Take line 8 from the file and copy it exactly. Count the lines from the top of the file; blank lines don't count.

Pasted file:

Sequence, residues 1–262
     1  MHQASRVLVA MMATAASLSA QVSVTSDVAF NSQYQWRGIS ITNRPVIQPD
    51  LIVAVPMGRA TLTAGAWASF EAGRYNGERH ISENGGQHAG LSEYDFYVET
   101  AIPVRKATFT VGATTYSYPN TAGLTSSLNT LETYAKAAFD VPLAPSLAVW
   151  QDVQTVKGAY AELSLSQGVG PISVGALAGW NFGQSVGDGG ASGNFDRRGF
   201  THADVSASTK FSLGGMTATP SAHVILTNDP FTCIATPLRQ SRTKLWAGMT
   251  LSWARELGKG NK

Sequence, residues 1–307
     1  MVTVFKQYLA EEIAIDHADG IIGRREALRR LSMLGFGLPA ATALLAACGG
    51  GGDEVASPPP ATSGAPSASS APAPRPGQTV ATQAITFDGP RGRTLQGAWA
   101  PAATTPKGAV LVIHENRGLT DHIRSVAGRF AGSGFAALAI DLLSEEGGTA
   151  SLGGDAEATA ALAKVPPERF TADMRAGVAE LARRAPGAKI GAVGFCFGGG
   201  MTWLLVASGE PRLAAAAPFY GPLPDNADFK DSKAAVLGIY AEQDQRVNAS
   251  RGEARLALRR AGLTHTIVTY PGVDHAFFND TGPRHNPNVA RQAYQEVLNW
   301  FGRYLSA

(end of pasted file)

Sequence, residues 1–307